Often life is hard, but God is always good

Posts tagged ‘intrinsic value’

Competition vs. Intrinsic Value

Photo Credit: H. Kopp Delaney

Photo Credit: H. Kopp Delaney

“Instead, we are God’s accomplishment, created in Christ Jesus to do good things. God planned for these good things to be the way that we live our lives.” (Ephesians 2:10 CEB)

In this culture of competition we Americans receive messages from all sides that we must be the best, the smartest, or the most good-looking to earn our place on sports teams, college campuses, job sites, and media platforms.

The bar is always set high and we must strive to achieve excellence.

“Work hard.” “Always do your best.” “Go for the gold.” I personally endorse these messages and have passed them on my kids. My second child is now prepping for college admission and competing for scholarships. I want her to contest for these awards.

But we all need something else – something more – to truly live successfully; we need a foundation within our very souls of our great value in the Creator’s eyes.

If we build that truth solidly, then we operate out of a sense of being cherished and indispensable to the world, no matter the outcomes of our cultural competitions.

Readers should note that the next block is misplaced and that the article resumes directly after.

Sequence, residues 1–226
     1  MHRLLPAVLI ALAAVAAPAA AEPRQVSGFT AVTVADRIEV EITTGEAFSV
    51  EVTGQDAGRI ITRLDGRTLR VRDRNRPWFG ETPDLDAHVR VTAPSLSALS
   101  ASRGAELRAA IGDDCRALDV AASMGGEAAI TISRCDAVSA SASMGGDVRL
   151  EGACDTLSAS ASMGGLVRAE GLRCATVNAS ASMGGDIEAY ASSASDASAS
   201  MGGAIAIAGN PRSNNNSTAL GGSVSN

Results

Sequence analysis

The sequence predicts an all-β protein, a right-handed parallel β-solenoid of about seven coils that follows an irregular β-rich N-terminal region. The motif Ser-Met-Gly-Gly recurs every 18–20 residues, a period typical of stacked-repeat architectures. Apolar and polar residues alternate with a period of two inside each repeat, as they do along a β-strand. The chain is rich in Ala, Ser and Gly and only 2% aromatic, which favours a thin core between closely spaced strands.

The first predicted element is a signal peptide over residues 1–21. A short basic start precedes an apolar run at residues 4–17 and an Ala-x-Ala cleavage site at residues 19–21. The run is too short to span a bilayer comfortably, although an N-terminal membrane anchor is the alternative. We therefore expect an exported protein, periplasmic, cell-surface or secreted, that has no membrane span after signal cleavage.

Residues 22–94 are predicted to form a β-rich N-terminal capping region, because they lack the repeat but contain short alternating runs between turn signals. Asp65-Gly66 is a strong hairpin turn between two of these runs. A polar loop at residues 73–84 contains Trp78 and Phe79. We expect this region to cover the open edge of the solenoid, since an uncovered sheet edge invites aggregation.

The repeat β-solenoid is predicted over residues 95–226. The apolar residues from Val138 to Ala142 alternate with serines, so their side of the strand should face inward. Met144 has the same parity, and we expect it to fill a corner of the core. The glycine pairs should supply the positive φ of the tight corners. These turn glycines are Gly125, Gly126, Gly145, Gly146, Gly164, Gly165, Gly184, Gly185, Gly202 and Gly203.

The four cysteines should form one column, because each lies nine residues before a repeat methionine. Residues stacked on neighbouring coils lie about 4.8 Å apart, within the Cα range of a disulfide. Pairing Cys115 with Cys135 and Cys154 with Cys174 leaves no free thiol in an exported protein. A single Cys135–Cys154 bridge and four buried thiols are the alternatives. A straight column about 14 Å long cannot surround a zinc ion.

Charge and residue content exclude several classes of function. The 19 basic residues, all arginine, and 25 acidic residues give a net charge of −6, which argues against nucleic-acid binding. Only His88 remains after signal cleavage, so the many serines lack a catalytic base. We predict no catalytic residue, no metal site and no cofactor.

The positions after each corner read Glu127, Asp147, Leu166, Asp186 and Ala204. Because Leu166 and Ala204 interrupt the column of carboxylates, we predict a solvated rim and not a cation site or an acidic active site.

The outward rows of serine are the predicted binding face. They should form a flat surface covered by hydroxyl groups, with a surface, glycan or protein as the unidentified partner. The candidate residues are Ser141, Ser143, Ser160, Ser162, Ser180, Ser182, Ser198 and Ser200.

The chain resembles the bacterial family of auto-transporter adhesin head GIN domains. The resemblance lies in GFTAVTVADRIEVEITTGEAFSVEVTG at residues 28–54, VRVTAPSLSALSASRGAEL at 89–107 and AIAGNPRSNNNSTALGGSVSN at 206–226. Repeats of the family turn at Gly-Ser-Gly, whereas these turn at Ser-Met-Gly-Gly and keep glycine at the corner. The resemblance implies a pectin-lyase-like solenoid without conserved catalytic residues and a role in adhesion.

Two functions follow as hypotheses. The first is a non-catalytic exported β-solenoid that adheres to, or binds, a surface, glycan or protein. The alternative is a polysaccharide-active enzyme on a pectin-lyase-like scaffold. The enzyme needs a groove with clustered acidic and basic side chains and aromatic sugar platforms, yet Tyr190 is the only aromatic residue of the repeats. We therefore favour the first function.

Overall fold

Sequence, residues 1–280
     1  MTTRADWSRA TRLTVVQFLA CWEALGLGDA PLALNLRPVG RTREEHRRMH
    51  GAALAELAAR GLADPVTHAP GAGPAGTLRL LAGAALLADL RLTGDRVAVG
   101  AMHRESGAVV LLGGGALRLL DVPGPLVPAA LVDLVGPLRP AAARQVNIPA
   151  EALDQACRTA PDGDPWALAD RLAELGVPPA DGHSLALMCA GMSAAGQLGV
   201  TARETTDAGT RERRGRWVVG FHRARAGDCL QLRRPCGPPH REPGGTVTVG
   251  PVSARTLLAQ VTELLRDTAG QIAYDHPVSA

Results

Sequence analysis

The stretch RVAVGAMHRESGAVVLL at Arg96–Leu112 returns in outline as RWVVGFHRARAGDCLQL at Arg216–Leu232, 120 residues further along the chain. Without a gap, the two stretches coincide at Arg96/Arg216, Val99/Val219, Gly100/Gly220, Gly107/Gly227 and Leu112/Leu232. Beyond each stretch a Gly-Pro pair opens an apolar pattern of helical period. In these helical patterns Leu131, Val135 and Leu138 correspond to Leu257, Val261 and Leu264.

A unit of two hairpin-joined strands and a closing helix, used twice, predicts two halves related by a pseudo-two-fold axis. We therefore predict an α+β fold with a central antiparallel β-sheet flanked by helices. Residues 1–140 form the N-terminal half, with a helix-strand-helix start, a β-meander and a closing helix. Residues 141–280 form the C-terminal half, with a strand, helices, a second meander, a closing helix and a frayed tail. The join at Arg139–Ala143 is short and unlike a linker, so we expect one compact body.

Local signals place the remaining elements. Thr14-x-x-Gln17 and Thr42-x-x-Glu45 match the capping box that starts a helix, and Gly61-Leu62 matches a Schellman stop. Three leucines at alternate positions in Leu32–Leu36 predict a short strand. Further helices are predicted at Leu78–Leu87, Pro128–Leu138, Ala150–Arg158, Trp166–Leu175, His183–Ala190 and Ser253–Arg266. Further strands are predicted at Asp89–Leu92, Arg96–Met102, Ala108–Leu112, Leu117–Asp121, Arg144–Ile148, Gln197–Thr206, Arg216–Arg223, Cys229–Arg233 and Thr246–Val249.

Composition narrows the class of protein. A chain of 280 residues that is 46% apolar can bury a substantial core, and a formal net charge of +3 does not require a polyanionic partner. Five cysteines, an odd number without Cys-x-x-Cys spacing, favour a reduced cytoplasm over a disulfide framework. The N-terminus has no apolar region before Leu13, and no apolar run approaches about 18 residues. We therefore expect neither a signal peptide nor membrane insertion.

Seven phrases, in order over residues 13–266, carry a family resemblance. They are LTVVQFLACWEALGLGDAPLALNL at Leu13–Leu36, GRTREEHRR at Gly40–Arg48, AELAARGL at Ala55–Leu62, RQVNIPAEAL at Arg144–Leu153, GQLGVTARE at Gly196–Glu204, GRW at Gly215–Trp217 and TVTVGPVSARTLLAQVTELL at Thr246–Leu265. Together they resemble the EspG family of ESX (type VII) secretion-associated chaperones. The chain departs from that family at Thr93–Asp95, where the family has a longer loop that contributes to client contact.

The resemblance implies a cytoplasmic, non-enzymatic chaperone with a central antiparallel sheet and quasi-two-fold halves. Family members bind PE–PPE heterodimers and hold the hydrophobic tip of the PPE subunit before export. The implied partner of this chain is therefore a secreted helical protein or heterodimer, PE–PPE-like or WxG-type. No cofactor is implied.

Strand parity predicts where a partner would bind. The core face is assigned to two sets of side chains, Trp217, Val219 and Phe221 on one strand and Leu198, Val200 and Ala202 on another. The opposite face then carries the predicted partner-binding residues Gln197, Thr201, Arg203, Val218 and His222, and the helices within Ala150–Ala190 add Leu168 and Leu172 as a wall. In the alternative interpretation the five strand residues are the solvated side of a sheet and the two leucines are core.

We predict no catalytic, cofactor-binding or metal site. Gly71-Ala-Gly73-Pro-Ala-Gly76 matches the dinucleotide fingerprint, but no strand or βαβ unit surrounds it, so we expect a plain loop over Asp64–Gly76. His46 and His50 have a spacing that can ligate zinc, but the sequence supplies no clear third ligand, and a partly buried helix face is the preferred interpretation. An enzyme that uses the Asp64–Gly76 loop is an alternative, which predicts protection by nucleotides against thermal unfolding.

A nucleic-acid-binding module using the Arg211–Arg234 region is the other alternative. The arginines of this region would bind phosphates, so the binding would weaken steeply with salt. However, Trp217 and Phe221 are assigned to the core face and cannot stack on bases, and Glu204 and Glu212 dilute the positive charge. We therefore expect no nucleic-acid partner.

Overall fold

We can even give that appreciation to one another.

“Love is to reveal the beauty of another person to themselves.” Jean Vanier

If we don’t lay down these truths in our inner man, our cultural competition will demoralize and, eventually, crush our spirits.   Our Heavenly Father looks at our value and purpose and never relegates anyone to “the bench” to just watch the first string players make history.

Paul the apostle, the great orator, church planter, and author of much of the New Testament, in all his letters to the churches, gives us a glimpse into the existence of many others who also worked to spread the gospel of Jesus Christ. One of the longest lists he made acknowledges 27 people by name and mentions numerous others described as “sister”, “brothers” or “church members”. (see Romans 16: 1-16)

These are not “little people” with “little lives” because they are only mentioned once in the Bible. Their stories may not have been told in that format, but they had rich lives. I would love to hear more about Urbanus, Rufus, Trphena, Pryphosa, Persis, Phlegon, Apelles, Ampliatus, Julia, and Olympas.

We Westerners, in this current day and age, may not receive media coverage of our sports prowess, best-selling publication of what we have written, or other acknowledgements from public platforms, but we each matter to God…

…and to many, many others.

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